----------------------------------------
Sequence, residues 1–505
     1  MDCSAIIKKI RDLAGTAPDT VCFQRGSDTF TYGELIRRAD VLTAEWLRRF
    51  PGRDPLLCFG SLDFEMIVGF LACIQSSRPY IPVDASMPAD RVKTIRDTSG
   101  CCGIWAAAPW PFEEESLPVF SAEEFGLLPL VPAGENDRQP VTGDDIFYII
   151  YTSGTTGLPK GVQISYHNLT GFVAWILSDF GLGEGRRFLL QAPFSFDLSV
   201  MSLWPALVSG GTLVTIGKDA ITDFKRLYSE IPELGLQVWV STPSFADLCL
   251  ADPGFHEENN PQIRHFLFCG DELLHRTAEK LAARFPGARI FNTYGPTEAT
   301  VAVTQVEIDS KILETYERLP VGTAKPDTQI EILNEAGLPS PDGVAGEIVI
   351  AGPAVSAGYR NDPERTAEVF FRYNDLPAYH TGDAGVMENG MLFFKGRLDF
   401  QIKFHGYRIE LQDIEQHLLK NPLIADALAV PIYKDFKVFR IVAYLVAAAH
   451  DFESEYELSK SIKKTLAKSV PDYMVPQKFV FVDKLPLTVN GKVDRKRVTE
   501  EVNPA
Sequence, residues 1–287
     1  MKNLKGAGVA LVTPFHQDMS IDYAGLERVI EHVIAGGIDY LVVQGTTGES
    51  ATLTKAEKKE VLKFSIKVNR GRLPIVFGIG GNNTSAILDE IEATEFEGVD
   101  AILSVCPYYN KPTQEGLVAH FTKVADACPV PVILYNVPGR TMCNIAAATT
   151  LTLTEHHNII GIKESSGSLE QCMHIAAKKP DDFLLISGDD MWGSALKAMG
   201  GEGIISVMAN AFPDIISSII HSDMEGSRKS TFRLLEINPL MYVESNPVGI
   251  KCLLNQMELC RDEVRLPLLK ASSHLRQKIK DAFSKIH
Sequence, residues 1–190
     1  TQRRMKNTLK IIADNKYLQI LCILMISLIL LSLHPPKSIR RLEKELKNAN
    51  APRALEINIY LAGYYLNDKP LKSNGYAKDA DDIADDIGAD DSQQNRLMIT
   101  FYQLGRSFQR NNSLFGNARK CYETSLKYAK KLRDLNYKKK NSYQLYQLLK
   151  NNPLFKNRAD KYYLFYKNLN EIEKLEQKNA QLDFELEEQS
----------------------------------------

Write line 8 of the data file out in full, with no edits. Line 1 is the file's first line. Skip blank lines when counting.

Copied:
   301  VAVTQVEIDS KILETYERLP VGTAKPDTQI EILNEAGLPS PDGVAGEIVI